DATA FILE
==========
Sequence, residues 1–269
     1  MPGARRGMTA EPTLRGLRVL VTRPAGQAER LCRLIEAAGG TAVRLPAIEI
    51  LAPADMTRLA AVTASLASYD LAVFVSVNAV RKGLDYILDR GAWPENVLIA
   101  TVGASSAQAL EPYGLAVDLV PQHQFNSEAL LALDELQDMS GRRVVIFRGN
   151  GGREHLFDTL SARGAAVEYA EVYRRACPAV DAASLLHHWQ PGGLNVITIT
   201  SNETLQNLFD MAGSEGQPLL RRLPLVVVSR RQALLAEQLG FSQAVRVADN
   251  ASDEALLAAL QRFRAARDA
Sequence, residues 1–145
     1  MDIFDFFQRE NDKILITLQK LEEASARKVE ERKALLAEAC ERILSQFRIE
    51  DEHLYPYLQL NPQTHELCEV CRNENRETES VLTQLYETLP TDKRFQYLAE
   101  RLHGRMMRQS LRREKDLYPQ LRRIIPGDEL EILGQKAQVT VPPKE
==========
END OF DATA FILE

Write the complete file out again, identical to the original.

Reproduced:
Sequence, residues 1–269
     1  MPGARRGMTA EPTLRGLRVL VTRPAGQAER LCRLIEAAGG TAVRLPAIEI
    51  LAPADMTRLA AVTASLASYD LAVFVSVNAV RKGLDYILDR GAWPENVLIA
   101  TVGASSAQAL EPYGLAVDLV PQHQFNSEAL LALDELQDMS GRRVVIFRGN
   151  GGREHLFDTL SARGAAVEYA EVYRRACPAV DAASLLHHWQ PGGLNVITIT
   201  SNETLQNLFD MAGSEGQPLL RRLPLVVVSR RQALLAEQLG FSQAVRVADN
   251  ASDEALLAAL QRFRAARDA
Sequence, residues 1–145
     1  MDIFDFFQRE NDKILITLQK LEEASARKVE ERKALLAEAC ERILSQFRIE
    51  DEHLYPYLQL NPQTHELCEV CRNENRETES VLTQLYETLP TDKRFQYLAE
   101  RLHGRMMRQS LRREKDLYPQ LRRIIPGDEL EILGQKAQVT VPPKE